Moyland Wood is an official scenario for Memoir ’44 by the game’s creator, Richard Borg. Set in Normandy, It’s a cracker of a map, and reliably offers an enormous brawl of mixed tanks and infantry right in the center of the map. The Allies have a definite advantage, but it’s a fun battle with interesting decisions no matter what happens.
On the afternoon of the 16th the Royal Winnipeg Rifles supported by the 3rd Armor Battalion Scots Guards was ordered to take the hilly ground around Louisendorf. On its left the Regina Rifle Regiment with tank support was to clear the Moyland Wood.
The Winnipeg Rifles advance went well but the Regina Rifle Regiment ran into difficulties from the start. The wood had been reported clear but elements of 6th Parachute Division newly arrived from North Holland were deployed in a strong position along the fringe of the woods. As the Canadians moved to clear the wood, it was also shelled by German artillery. The failure to drive the Germans from Moyland Wood seriously delayed the 2nd Canadian Corps’ planned advance.
On the 19th, Battle Group Hauser and units from the 116th Panzer Division launched a counter attack. Throughout the night waves of Germans attacked the Allied infantry, as the Allied tanks had been withdrawn a few hours earlier to re-arm and re-fuel.
To recover lost ground, Brigadier Cabeldu ordered all uncommitted elements forward. Infantry and tanks moved out, preceded by a heavy barrage of artillery fire. The attack pushed the spent Germans back in less than two hours.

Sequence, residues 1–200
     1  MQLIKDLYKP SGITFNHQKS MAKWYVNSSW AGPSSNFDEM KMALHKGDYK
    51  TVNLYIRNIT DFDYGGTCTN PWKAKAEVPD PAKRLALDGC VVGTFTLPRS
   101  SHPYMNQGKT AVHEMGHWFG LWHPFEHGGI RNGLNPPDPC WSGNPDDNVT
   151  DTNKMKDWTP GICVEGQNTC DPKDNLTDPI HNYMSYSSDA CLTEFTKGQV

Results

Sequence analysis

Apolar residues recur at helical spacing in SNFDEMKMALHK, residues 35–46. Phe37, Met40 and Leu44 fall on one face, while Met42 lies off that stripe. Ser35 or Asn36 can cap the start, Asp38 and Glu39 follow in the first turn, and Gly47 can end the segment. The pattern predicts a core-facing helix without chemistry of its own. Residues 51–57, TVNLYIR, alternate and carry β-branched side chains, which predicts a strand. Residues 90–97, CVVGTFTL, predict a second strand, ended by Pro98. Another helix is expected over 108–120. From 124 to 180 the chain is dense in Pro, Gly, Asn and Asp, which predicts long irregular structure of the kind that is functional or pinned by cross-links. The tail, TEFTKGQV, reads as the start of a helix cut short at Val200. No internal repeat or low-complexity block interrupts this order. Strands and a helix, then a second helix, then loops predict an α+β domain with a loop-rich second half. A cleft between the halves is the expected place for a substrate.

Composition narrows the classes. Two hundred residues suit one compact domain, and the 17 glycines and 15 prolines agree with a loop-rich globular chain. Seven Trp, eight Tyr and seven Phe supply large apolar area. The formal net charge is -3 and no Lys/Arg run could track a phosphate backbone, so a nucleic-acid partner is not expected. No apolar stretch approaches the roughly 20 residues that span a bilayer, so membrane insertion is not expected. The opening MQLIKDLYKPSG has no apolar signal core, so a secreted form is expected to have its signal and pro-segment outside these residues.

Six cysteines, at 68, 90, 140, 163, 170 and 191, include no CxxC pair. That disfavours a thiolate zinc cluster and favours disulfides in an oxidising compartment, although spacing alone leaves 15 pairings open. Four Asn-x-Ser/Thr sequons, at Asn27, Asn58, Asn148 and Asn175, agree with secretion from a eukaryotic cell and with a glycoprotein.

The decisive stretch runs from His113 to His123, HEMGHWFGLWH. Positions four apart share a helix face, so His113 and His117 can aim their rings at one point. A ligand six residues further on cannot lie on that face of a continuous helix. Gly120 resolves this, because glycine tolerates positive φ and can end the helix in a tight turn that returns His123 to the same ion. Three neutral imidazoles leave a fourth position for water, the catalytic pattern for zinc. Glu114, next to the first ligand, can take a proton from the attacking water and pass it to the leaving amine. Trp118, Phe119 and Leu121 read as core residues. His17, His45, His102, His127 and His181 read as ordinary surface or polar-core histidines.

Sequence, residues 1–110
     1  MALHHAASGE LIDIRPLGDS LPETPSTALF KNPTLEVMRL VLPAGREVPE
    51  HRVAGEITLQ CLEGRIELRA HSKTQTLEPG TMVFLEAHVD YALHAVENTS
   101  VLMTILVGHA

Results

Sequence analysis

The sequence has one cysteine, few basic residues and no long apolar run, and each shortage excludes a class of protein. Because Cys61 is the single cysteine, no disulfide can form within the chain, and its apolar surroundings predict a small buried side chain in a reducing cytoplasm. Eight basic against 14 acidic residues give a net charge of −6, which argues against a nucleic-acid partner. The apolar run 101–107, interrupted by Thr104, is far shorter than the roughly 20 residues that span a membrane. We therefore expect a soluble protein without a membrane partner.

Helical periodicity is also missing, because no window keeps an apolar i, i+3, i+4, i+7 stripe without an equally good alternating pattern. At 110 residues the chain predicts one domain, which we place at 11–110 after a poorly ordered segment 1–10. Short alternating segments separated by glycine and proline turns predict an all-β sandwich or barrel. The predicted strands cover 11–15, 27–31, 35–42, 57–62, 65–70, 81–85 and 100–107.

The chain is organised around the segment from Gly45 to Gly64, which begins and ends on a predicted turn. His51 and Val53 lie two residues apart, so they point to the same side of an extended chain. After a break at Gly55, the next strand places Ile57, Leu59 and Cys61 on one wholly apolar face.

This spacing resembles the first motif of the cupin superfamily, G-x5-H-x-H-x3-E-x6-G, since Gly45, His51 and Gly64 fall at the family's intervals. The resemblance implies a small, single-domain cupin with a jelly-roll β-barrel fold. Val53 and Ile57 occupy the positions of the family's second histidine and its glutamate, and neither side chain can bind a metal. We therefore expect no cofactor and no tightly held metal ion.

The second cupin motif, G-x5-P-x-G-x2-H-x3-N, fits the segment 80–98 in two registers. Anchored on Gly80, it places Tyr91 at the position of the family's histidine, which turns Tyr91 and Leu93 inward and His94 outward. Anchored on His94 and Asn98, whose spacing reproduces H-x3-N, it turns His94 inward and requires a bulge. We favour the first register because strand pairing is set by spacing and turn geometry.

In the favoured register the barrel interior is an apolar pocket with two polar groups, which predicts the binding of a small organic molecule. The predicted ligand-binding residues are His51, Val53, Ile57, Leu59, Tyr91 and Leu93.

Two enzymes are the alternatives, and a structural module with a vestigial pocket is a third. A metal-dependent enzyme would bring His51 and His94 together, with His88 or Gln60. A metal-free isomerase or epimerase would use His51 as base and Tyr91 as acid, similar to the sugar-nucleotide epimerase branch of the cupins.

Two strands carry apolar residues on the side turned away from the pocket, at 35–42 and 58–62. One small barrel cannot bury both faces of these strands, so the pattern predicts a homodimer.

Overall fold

The stage is set, the battle lines are drawn, and you are in command. The rest is history.
Here’s the map.
The map is really divided into two major zones of engagement – the forest around Moyland, and the open area in front of Louisendorf. Smart Allied players will try to move up tanks as quickly as possible so as to engage the numerically inferior Germans in the open center, and minimize losses near Moyland. The Germans need to attack hard and fast in the center, knock out forward elements before the Canadians can move them to safety, and avoid the overwhelming counter-attack in the center which is always a looming possibility. It’s always possible to pick up a medal or two near Moyland by pounding the Allied forces on the baseline, but unless the Canadians are pushed towards that sector by their cards, it’s more likely than not that better moves will be available in the center.
This map is a bit unusual in providing an opportunity for such a large brawl with fairly little preliminary movement on either side – that’s what makes it so fun. It also has a more or less perfect artillery setup. The German guns give them the ability to punish the Allies for being slow on the attack, but are in no way decisive given the huge forces that both sides can bring into the fray.
The Canadians have a definite numerical advantage, but need good cards to bring this into play. The Germans are outnumbered but concentrated, and are in a good position to create localized fire superiority right at the beginning. Both sides will suffer from a bad opening hand, and both sides will benefit from a hand full of assaults. With over 400 battles played, Days of Wonder online has this at exactly 50/50.
This is a really, really good map.
Overall Evaluation – 5/5 – Few maps allow both sides to bring in so much infantry and armor all at once, and few maps are able to do so in such a balanced way. Fun and interesting for both players.
Balance Evaluation – Even – My gut tells me the Allies have the advantage just because of the forces available to them, but I know all too well how a bad opening hand can leave many of those units stranded near the baseline while isolated front-line infantry are mauled by a concentrated force. Good cards will give the advantage to the Allies, but good cards are far from guaranteed.
First-Turn Win Possibility – Low – The Germans are in a position to damage some Allied infantry early, but only if they are left in place by the Allied player in his or her first turn.
Plink-Fest Danger – None – This is a battle that will be decided by massed tank and infantry combat, not long-distance shooting.